The Beer Orders may well be being revoked by the government, but what exactly are they, and how have they affected the trade?
The Beer Orders required brewers to:
- reduce the size of their tied estate to their permitted maximum (2,000 plus half the highest number of pubs over 2,000 held by the brewer since July 10, 1989) by November 1, 1992
- not tie their tenants and tied loan clients for any alcoholic drinks other than beer
- permit their tenants and tied loan clients to buy one brand of cask-conditioned beer and (as amended in 1997) one bottle-conditioned beer of their choice on the open market rather than through the brewer (the so-called "guest beer" provision)
- to publish wholesale prices
- not refuse to supply beer except in certain circumstances
- not sell pubs with clauses preventing them being pubs in the future
- make brewery tied loans repayable by the recipient on not more than three months' notice without penalty.
Changes in the market
The Beer Orders changed the landscape of the British brewing and pub trade when they were introduced in 1989. Before then, the majority of the 60,000 pubs in the UK were owned by a select few - the giant brewers such as Bass, Courage and Whitbread.
Pubs were the cash-cows of those key players and such was the brewers' domination of the industry that the competition authorities launched an investigation.
The Beer Orders, a direct result of that government probe, ruled that the brewers had an unfair grip on the trade and placed a limit on their estate size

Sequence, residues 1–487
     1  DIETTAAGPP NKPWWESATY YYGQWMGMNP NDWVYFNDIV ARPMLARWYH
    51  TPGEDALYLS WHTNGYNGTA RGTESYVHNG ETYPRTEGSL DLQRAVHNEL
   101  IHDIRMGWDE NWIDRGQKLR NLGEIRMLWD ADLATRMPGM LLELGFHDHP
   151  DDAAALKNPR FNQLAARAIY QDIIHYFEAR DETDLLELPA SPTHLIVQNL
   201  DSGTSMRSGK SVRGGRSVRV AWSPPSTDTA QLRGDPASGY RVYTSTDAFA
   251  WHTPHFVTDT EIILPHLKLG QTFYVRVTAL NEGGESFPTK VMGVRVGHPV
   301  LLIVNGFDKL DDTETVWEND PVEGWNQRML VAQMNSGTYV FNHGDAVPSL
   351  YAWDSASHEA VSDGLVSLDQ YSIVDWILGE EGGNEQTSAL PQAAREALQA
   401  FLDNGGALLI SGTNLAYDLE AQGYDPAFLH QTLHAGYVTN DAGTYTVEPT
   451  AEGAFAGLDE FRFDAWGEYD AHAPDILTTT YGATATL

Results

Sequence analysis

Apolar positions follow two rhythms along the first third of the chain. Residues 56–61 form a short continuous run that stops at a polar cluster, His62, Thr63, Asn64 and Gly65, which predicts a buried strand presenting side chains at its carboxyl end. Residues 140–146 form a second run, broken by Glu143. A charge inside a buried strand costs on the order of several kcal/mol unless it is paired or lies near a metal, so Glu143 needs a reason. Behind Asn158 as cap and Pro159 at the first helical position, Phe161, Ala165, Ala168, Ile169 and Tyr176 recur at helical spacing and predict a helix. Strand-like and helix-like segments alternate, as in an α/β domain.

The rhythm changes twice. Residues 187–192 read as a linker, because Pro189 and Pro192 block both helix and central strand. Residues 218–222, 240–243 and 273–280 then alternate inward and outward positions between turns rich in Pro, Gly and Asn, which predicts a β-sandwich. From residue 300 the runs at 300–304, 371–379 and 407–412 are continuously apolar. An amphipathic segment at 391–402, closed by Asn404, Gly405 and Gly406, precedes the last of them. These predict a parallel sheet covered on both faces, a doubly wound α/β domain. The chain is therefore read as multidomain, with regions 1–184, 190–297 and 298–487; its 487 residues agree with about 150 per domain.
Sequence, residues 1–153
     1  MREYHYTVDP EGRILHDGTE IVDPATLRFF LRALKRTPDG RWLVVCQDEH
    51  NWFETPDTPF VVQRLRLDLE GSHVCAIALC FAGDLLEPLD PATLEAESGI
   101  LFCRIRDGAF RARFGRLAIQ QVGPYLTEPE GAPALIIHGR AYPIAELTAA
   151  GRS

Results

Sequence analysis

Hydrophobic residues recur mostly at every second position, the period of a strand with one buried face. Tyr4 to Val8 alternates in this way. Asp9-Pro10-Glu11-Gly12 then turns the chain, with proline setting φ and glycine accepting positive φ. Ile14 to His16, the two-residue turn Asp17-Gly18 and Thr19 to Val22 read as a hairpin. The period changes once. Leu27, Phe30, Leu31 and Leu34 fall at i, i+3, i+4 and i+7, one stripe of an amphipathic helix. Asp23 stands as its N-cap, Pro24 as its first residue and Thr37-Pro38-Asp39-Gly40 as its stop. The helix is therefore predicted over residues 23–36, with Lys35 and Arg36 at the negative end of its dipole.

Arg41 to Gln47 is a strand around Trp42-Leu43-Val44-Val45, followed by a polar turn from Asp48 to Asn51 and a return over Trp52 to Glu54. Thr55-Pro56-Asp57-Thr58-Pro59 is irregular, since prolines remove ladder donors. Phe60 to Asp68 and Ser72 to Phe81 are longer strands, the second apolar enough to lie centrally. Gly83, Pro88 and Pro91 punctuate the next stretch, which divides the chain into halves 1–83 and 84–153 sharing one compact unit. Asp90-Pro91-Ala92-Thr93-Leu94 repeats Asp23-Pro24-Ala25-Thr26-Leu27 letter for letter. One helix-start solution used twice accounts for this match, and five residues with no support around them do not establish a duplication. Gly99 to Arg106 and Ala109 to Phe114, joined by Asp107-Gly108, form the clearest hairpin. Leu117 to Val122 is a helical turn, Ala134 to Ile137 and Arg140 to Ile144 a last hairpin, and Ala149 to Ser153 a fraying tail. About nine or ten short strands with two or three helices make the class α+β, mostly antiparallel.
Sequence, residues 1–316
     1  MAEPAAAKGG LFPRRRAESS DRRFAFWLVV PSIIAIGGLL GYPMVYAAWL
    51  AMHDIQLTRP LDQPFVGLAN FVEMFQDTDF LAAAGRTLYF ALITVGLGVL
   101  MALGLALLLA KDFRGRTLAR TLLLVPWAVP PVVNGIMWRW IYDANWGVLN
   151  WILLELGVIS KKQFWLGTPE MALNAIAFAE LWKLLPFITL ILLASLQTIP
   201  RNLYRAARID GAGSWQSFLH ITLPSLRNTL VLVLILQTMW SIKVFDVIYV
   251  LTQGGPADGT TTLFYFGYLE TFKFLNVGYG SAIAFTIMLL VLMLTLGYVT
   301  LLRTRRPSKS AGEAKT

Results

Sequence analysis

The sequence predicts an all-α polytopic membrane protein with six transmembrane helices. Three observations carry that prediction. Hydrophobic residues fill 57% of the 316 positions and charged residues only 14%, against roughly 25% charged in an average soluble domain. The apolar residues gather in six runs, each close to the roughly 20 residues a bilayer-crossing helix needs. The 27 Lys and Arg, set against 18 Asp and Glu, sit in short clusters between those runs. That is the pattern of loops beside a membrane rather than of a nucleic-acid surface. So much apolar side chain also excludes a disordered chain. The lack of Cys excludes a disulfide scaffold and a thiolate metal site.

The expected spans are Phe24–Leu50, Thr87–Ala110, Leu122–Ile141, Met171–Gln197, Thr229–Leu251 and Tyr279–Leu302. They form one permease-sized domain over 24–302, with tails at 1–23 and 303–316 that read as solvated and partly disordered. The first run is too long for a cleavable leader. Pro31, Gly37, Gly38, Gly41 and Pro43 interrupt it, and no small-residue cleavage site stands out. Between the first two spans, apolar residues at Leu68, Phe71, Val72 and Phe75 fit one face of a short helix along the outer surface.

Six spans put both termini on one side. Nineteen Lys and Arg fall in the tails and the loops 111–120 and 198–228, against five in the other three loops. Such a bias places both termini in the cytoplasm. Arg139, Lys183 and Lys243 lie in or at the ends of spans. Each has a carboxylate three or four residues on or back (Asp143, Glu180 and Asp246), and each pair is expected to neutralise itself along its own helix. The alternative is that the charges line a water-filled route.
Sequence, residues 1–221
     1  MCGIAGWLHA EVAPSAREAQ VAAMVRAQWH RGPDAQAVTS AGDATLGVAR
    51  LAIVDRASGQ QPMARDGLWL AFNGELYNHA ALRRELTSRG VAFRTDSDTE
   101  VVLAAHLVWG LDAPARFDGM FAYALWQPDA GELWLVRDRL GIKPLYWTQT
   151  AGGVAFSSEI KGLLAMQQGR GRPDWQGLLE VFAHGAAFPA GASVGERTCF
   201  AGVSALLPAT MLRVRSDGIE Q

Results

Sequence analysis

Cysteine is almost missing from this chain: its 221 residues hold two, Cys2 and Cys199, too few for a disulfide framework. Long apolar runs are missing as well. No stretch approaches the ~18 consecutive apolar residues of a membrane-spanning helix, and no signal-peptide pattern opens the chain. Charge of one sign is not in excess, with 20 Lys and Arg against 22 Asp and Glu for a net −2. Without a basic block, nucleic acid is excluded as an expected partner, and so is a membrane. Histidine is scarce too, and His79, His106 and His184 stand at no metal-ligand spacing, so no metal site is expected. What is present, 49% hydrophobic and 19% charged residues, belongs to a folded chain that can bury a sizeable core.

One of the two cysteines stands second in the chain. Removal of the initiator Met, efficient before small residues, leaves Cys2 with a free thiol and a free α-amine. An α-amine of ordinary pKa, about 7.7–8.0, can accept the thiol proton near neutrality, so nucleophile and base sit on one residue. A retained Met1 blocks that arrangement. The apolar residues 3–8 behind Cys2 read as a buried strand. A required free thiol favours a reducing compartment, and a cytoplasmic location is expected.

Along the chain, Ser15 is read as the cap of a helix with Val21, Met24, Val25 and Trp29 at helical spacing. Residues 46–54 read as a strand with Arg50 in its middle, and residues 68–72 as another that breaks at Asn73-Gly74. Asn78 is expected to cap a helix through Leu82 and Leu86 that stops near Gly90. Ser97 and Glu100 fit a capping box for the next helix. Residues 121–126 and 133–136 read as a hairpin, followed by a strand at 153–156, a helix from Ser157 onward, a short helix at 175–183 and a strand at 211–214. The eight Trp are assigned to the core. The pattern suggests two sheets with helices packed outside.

This changed everything.
Brewers sold rafts of pubs, presenting a market entry to aspiring pub bosses who rushed to buy them. Scores of small tenanted and managed pub companies sprang up, such as Commer and Surrey Free Inns, followed by the super pub companies such as Enterprise Inns, Pubmaster, and later Punch Taverns.
The balance of power swung away from the brewers as pub companies started to squeeze better beer prices from their suppliers.
Banks and financial institutions like Nomura realised the opportunity and suddenly pubs were financial instruments. This investment saw almost all of the major brewers splitting their brewing and pub operations completely to increase profit.
With this transformation in the market all but complete, the DTI yesterday (Wednesday) decided to axe the very legislation that had started it all.
We asked: Do you think the revocation of the Beer Orders will damage the trade? This is how you voted: